News Search


Tag: Nevada Air National Gaurd
  • Nevada Guardsmen battle COVID-19 as civilian medical professionals

    While the Nevada National Guard has not been activated, some members of the state’s military force are among those already on the front line battling COVID-19. 1st Lt. Sparkle Mccuiston, 152nd Medical Group, Nevada Air National Guard, said she's come in contact with three confirmed cases while working her civilian job as an infectious disease nurse practitioner in Las Vegas.
  • High Rollers fly with Navy, other services during Resolute Hunter Exercise

    The 192nd Airlift Squadron participated in Exercise Resolute Hunter at the Naval Air Station Fallon Range Training Complex (FRTC) from Oct. 21 to 25. The Fallon Naval Air Station (NAS Fallon) and Naval Aviation Warfighting Development Center (NAWDC) are the Navy’s premier Weapon Tactics Instructor (WTI) schools and they’re located well within flying distance for the High Rollers out of Reno.
  • Maintainers secure Nevada Air Guard's second consecutive Excellence in Diversity award

    The Nevada Air National Guard won its second consecutive National Guard Bureau Excellence in Diversity award in the category of Best Air National Guard unit at the Professional Education Center in North Little Rock, Arkansas last month.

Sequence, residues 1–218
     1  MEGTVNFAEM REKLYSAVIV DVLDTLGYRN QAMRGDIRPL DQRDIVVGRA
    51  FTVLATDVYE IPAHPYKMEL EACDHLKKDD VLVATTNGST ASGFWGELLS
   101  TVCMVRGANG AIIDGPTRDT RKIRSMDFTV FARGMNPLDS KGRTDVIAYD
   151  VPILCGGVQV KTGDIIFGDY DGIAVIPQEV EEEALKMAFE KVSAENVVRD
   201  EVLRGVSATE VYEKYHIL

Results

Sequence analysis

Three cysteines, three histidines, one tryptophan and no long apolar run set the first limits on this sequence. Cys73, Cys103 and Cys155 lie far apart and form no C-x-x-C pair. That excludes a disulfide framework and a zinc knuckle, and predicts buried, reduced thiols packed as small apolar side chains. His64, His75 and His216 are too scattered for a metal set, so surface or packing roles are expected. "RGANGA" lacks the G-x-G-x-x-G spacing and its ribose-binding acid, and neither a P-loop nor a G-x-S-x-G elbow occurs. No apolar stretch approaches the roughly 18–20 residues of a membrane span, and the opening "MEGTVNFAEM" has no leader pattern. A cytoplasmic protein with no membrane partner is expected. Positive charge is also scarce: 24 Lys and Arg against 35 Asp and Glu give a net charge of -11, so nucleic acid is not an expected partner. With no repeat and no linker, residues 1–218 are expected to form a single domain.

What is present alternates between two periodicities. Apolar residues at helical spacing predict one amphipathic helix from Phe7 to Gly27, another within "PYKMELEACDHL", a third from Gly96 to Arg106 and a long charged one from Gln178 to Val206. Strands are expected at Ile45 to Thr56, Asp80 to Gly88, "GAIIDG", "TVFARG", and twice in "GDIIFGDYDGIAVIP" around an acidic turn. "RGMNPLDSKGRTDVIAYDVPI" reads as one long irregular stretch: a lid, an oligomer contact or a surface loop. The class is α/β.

• High Roller Ladies attend Joint Women’s Leadership Symposium

    The 2019 Joint Women’s Leadership symposium took place Aug. 22-23 in Washington, D.C. The 152nd Airlift Wing sent 10 women to represent the High Rollers and to bring back lessons learned.
  • Four gentlemen and a lady: Nevada Air Guard promotes five to chief master sergeant in one day

    The Nevada Air National Guard held promotion boards for five separate chief positions in July—all five resulted in selections of brand new chief master sergeants. They will promote four members to the highest enlisted rank in August and one in September. Promotion to chief master sergeant normally happens once in a while; however, five chief promotions at one time is quite uncommon. By federal law, roughly only one percent of the Air Force enlisted force holds the rank of chief master sergeant.